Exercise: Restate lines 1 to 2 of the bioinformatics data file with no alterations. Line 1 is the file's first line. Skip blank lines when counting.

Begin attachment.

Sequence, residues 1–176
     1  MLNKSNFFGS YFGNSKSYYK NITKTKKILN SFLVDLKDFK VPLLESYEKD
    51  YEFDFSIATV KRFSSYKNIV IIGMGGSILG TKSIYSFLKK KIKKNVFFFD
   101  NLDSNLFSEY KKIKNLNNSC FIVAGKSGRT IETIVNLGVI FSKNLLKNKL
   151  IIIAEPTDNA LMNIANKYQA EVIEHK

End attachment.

Sequence, residues 1–176
     1  MLNKSNFFGS YFGNSKSYYK NITKTKKILN SFLVDLKDFK VPLLESYEKD